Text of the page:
Professional Analytical and Consulting Services

Selecting the Best Activated Carbon for a Specific Application

PACS Course Number 151

9 AM to 5 PM

Mick Greenbank, Ph.D. is the course instructor for this highly important two-day course for the users and suppliers of activated carbon products and services. Dr. Greenbank did his doctoral work on activated carbon adsorption at Kent State University; his advisor was Dr. Milton Manes. Dr. Greenbank has had a long career focus on activated carbon. Dr. Greenbank provides consulting services to the activated carbon industry and allied technologies. It is recommended that you take other PACS courses on activated carbon, especially PACS course number 149 titled "Activated Carbon Adsorption: Principles, Practices and Opportunities," to maximize your benefits in this course. However, this course has no prerequisite and is designed for those seeking the best activated carbon for a specific application. PACS provides some 57 different training courses.

PACS courses related to activated carbon are titled:

Register by mailing a copy of the REGISTRATION FORM. Send it with a payment of $1995 to secure your attendance. Hotel information and a map will be sent to confirm your registration. Please list your special interest(s) on the registration form. Enrollment is limited to assure your maximum course benefits. On-site PACS courses are available (most PACS courses can be provided at your time and place). Telephone Henry Nowicki or Barb Sherman at 1.724.457.6576 if you need further information. PACS also provides laboratory testing and consulting services.

Selecting the Best Activated Carbon for a Specific Application

Course Instructor: Dr. Mick Greenbank under the auspices of PACS

General topics
What is Activated Carbon (AC) - the True AC Structure
Tour of a carbon particle
Physical and Chemical properties
Ash constituents
How does AC work - the Nature of the Adsorption Forces
Adsorption versus Absorption
Inherent properties of adsorption forces
Propagation to a force field
How to characterize activated carbon
How is AC made - the Activation Process
Effect of starting material on product properties
Individual steps in the activation process
Concept of single product family from a starting material
Impregnation and Acid washing
How is AC recycled - the Reactivation Process
Effect of the spent carbon starting material
Effect of reactivation on product properties
Comparing reactivated versus virgin activated carbons
What affects the Adsorption Capacity - Adsorption Thermodynamics
What adsorbs and what does not and why
Single component adsorption theory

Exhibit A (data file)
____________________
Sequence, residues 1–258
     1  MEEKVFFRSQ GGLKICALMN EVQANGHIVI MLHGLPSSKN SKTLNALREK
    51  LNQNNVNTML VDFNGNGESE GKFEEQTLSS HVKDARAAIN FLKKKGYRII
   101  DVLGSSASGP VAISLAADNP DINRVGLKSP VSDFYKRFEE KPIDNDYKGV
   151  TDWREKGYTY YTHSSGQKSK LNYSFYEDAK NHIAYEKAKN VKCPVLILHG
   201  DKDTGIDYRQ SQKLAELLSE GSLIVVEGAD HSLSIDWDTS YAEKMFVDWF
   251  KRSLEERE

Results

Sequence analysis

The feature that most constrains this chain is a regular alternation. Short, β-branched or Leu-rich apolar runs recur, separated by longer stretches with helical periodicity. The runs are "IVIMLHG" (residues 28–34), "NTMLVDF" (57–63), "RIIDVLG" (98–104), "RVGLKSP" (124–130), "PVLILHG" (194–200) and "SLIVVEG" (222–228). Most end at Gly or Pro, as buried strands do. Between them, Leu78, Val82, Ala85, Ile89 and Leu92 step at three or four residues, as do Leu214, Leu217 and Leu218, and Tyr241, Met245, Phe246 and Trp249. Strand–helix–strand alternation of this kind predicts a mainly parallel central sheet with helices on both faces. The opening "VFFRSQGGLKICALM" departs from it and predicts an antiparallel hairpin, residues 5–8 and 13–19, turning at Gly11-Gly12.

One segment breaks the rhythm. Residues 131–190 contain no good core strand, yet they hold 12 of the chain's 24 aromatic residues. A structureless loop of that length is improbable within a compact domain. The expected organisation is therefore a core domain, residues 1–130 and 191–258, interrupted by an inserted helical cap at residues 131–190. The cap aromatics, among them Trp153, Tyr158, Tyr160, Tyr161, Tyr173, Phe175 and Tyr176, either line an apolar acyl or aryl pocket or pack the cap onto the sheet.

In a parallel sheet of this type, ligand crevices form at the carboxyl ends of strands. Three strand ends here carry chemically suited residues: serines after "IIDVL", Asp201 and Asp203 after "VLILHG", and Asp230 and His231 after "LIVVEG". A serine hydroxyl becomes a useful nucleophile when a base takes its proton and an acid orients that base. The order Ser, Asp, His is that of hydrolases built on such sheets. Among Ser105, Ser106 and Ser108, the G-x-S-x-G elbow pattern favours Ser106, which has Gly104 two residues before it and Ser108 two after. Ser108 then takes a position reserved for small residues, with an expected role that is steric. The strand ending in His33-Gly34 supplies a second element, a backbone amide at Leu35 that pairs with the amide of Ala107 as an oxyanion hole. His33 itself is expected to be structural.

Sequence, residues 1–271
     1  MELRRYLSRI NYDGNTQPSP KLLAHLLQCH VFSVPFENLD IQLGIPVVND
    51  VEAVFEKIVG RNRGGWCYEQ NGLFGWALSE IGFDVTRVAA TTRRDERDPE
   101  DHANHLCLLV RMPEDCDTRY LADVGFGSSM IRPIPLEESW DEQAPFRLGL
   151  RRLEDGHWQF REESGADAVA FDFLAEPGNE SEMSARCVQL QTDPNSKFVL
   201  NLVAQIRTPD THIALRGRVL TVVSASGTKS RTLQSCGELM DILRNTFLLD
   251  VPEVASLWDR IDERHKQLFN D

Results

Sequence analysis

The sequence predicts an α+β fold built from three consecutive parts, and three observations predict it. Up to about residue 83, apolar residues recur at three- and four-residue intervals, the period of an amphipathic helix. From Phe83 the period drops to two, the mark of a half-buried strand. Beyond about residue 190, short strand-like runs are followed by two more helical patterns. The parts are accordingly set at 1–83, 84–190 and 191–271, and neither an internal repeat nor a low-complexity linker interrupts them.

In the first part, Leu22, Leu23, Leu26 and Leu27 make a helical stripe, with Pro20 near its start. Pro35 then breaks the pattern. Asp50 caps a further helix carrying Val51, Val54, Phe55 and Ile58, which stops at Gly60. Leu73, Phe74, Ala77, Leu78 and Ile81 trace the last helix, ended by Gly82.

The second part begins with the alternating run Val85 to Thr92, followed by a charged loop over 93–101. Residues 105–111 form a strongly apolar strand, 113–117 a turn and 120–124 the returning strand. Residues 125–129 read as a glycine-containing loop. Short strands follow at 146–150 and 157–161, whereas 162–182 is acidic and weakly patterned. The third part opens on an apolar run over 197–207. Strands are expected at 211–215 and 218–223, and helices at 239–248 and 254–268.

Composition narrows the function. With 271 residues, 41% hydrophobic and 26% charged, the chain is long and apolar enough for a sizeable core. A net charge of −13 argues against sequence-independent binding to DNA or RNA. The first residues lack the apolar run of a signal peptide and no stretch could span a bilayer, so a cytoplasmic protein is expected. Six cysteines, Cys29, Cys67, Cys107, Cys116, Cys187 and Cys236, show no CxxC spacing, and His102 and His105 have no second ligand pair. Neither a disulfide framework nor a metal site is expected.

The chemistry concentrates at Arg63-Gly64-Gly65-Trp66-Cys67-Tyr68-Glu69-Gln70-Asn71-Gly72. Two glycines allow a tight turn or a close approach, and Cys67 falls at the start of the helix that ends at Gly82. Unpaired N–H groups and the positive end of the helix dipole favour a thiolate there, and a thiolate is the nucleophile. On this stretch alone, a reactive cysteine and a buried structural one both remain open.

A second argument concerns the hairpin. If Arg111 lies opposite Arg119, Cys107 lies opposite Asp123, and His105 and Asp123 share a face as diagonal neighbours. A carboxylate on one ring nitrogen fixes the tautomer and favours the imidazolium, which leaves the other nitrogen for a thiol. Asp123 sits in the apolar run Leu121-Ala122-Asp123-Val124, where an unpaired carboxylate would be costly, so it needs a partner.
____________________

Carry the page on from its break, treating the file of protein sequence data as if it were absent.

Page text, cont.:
Multicomponent adsorption theory
Adsorption isotherm handbook
What Affects the Adsorption Rate - the Adsorption Kinetics
Pore diffusion basics
Transport pore structures
Effect of pore structure on adsorption rates
How Adsorption Systems Work - Adsorption Engineering
Chromatographic column behavior
Modeling column behavior
Designing carbon adsorbers
How to Evaluate Applications and Select the Best AC
Key application parameters
Modeling applications
Selecting the optimal carbon for an application
Selecting The Best Carbon Form
When to use a carbon form versus granular or powdered carbon
Various carbon forms available
Performance comparison of carbon forms
Applications for carbon forms
Highest perfomance form - Activated carbon cloth
What is it
How does it work
How and when to use carbon cloth
Competitive Technologies Compared to Activated Carbon
Chemical/oxidative destruction
Biological digestion
Absorption processes
Noncarbonaceous Adsorbents
Other carbonaceous adsorbents
How to Differentiate Activated Carbons
What is activated carbon
How does it work
How to specify an activated carbon
What is the Range of Activated Carbons Available
Survey of raw materials used to make activated carbon
Introduction to the activation process and carbon manufacture
Concept of a family of products from a raw material
Application Evaluation
Factors affecting performance
What adsorbs and what does not and why
A simple performance prediction approach
Activated Carbon Selection
Grouping applications by their carbon requirements
Optimizing performance for a family of products
Finding the optimal raw material family


View the PACS Short Course Schedule

Course participants are encouraged to e-mail questions to Dr. Henry Nowicki at

Please NOTE: List your special interest on the registration form. We will try to accommodate your interest. PACS also provides internet consulting information at

Training is an Investment in employee employer Future!

For more information please contact:

Henry Nowicki, Ph.D. / M.B.A
PACS Testing, Consulting and Training
409 Meade Drive, Coraopolis, PA 15108
Phone: 1. 724. 457. 6576 or 1. 800. 367. 2587
PACS website:

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Short Courses Calendar


Activated Carbon Consulting

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